SeaWhippet wrote:The Bat was an awesome ride. It could be downright scary if your first ride happened to be at night. I always tried to arrange such a treat for my virgin Bat friends
And yes, had they banked the track on the turns, the Bat might still be with us today. That was its main flaw. Did they learn nothing from AlpenFlug?
If I had a time machine ...
I think what everyone seems to fail to notice or mention is that non-banked track made that ride much wilder than its offspring. If the Bat was banked, it would surely still be here, but it wouldn't have been the same ride.
Because of the suspension systems on the cars (i.e. all those shocks) banking would force the cars to anticipate the turn, making it much more tame, which is what you have today.
The forces were so great on the Bat that the KI maint. crew had to replace those shocks quite often. I often imagine what might've happened had Arrow replaced that flat track with a few banked sections. Instead of Vortex we'd have something truly impressive: The Bat!
montezooma wrote:^ are you saying the Vortex is not impressive???
I didn't say Vortex wasn't impressive. OK, maybe I did, but... The ride just doesn't float my boat. Those corkscrews suspended in the air ... WTF? They could've inserted another good, deep drop right there ... but NO! Let's brake the train and then flip people over in the most uncomfortable manner possible. Boring. No thanks. Where's Bat II - The Revenge ?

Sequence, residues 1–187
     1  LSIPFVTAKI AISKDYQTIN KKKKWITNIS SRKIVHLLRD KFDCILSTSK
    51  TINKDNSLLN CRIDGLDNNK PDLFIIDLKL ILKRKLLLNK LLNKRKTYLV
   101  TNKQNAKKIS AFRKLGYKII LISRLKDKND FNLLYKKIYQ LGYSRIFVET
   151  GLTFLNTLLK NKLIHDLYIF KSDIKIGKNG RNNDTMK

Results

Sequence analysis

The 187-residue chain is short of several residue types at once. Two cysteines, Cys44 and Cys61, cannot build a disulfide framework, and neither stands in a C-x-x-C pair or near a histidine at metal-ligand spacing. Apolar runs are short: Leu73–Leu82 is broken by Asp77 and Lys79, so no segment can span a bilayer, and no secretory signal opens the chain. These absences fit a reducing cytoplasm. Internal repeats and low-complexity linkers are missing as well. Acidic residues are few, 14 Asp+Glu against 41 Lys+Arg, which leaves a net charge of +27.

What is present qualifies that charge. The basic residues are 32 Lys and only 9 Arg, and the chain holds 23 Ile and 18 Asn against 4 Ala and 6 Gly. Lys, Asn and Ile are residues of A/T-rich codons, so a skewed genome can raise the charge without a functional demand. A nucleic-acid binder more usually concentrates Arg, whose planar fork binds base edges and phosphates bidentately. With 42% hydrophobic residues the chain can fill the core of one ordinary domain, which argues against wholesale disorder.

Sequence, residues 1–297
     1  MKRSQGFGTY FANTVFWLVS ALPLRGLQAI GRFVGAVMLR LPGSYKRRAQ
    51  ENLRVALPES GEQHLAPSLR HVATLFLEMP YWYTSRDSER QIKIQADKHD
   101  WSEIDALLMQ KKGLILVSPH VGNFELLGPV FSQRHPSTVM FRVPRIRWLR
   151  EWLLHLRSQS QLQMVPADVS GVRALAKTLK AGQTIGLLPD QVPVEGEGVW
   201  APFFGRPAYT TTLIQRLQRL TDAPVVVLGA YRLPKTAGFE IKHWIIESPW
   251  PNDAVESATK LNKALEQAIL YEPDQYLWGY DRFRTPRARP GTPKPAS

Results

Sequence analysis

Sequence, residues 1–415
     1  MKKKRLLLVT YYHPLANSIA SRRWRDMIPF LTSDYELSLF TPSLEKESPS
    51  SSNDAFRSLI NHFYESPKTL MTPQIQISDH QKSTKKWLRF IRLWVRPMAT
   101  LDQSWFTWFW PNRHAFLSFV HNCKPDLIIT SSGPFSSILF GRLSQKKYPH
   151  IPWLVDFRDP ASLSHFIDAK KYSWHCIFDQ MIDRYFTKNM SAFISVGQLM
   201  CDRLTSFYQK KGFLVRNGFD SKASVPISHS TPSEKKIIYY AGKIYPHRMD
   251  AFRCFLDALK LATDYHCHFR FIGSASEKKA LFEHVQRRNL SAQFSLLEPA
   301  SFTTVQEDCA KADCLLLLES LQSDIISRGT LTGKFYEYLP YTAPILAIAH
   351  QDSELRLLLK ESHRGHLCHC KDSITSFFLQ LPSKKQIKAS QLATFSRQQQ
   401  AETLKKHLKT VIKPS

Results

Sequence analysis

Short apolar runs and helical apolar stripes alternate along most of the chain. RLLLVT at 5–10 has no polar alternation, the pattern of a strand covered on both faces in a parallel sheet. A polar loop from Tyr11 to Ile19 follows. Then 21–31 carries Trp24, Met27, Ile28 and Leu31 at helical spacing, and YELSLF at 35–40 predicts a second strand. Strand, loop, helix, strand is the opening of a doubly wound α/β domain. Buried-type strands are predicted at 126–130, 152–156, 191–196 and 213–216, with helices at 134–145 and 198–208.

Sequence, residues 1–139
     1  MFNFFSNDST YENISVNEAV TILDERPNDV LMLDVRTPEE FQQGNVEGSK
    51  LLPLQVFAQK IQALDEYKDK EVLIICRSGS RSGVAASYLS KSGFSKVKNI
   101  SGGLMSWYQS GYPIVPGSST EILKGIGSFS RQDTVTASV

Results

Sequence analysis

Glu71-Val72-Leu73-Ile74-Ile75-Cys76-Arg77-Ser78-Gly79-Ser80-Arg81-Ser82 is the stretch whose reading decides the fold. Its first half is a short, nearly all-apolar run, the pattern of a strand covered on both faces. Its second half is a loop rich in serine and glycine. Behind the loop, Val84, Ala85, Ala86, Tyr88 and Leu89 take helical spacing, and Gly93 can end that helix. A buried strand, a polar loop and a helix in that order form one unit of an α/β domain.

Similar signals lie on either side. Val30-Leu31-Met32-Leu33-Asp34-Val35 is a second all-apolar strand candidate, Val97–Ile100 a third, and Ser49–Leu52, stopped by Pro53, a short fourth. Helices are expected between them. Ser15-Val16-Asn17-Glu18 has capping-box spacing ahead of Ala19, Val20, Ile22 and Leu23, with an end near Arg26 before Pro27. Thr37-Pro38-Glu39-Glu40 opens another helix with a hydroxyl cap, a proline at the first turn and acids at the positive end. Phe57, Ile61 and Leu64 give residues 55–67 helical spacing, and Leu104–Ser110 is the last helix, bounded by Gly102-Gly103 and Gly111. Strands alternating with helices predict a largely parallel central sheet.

^ i was being sarcastic. I would take the impressive bat over the Vortex any day. One of my favorite things of the Vortex is the station...and, Hello, that is the only thing left over from the Bat!
I think that the Bat II takes the form of Flight Deck. It wouldn't have surprised me that if Kings Island was not owned by Paramount at the time that Top Gun may have had a name that harkened back to the Bat somehow.
Thanks so much for posting these rare Arrow pictures. I couldn´t believe my eyes that they really believed in the suspended corkscrew!
I am always torn between admiration and raising an eyebrow whith Arrow. They really had this can-do attitude and they must have been morally and financially depressed when so many of their ideas fell flat for various reasons.
Although I prefer roller coasters above all other rides, there are a few flats that intrigue me. I'm not one for spinning rides, but for some reason, I CAN tolerate the Twister. Maybe it has something to do with the motion not being constant. Who knows ...?
My best Twister ride EVER was at the Iowa State Fair in the mid-90s. That operator was so devious that I actually thought I was going to get a nosebleed! It was that insane.
Sadly, these rides are becoming way too rare.
Not long ago, I did one of my Amusement Today Scrapbooks on the Twister. Along with photos submitted by Mark Rosensweig and others for the piece, I also got a nice stash from the Allan Herschell museum including the nice catalog pages. Though AH Co.invented the ride, Chance continued to produce them for a while after acquiring AH in 1971.
AH model with wooden flooring
At the AH factory in 1955
Clementon Lake Park 1950s
Australia & Williams Grove Park
Last edited by SeaWhippet on Sun Nov 13, 2011 8:12 am.
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